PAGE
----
Independent Student Newspaper Since 1969

The Badger Herald

Independent Student Newspaper Since 1969

The Badger Herald

Independent Student Newspaper Since 1969

The Badger Herald


Bleach: Losing seasons benefit UW, GB

“You play to win the game! Hello? You play to win the game!”

— New York Jets ex-head coach Herm Edwards

Those six words have done more for Edwards career than winning ever actually did (coaching record of 56-77). With those six words, Herm has been immortalized in Coors Light lore and signed on as an ESPN analyst to be to the NFL what Lou Holtz and Steve Phillips are to college football and MLB, respectively.


While it would be easy to continue for 600 more words mocking the twice-failed head coach, there is a larger point to be made.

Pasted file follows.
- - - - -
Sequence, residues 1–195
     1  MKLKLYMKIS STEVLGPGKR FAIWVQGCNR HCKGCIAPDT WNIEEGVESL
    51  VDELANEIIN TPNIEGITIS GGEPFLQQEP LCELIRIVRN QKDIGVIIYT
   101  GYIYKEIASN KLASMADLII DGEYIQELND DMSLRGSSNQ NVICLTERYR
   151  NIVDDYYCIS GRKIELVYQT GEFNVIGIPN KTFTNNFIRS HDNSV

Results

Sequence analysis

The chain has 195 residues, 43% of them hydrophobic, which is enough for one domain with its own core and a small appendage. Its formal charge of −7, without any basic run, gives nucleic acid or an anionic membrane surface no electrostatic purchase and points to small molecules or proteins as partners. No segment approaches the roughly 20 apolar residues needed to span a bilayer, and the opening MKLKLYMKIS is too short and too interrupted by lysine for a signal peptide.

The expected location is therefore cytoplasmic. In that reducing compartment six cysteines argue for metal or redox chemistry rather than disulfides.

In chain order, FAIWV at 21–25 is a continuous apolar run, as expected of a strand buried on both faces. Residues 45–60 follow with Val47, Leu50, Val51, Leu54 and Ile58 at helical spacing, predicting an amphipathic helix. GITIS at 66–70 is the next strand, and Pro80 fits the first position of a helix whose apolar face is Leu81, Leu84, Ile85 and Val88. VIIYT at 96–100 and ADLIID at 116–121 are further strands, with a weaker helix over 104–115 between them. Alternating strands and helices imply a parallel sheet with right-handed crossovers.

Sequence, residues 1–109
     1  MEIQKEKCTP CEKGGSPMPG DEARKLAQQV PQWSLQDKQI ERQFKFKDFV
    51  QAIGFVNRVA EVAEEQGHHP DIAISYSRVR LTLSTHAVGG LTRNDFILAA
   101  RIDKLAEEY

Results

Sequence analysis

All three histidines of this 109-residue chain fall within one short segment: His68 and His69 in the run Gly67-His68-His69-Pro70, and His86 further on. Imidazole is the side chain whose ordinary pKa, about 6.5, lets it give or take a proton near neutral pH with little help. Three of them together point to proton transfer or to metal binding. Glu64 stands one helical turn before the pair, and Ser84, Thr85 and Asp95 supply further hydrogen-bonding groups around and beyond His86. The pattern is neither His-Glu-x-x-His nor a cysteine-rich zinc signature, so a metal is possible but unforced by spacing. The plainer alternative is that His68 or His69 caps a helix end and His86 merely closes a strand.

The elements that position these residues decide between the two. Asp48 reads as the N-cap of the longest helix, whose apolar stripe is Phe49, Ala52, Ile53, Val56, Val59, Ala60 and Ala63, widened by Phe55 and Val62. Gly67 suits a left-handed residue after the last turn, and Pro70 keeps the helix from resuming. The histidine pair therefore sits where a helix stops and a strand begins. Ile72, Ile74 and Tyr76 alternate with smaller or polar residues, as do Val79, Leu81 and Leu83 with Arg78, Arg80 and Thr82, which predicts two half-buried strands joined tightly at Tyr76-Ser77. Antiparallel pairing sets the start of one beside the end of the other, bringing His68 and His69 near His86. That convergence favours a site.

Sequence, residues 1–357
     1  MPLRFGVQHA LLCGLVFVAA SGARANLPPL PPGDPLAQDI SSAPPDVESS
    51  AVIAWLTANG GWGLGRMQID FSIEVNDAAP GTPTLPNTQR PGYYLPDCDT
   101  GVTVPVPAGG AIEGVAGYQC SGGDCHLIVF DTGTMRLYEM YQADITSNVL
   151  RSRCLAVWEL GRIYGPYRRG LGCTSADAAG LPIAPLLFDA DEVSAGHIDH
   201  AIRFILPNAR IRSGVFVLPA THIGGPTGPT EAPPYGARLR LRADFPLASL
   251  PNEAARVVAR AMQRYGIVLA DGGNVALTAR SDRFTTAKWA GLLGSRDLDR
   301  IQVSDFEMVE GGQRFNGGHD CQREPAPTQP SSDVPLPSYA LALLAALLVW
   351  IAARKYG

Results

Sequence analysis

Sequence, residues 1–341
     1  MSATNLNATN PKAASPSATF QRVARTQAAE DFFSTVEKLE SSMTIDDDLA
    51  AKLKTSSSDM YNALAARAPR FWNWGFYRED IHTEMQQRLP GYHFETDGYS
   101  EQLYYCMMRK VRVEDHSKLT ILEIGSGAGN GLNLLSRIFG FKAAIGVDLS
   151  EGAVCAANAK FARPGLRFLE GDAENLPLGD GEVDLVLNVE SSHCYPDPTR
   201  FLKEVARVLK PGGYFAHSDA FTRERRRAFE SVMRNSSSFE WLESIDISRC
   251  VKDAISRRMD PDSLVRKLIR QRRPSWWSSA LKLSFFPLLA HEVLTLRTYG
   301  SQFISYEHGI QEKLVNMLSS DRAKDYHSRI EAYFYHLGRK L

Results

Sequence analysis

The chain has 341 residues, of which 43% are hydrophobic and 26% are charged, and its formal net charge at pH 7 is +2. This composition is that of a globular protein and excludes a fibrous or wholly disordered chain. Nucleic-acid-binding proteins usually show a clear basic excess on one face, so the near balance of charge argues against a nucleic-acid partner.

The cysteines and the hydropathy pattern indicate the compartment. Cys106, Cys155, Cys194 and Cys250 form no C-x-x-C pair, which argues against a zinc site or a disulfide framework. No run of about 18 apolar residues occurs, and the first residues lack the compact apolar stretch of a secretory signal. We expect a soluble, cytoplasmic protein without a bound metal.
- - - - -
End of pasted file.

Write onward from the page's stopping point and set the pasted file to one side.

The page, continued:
As fans sat and laughed at the embattled Edwards on Oct. 30, 2002, and columnists wrote up their “top 10 rants of all time” column, football coaches across the country — and I mean from pro ball to Pop Warner — nodded their heads solemnly. Herm was right, they barked, you play to win the game!

The message may as well be branded on every player. There are no moral victories in football, only real ones. If a “W” doesn’t go on the left hand column, the week was a failure. The quarterback threw three interceptions? Doesn’t matter if you get out with a win (this is known as the Rex Grossman defense).

It is this “winning” attitude that makes what I am about to write sacrilegious to the highest degree. The Amish will read this column on the Internet before a football coach admits I am right.

Despite that, here it goes…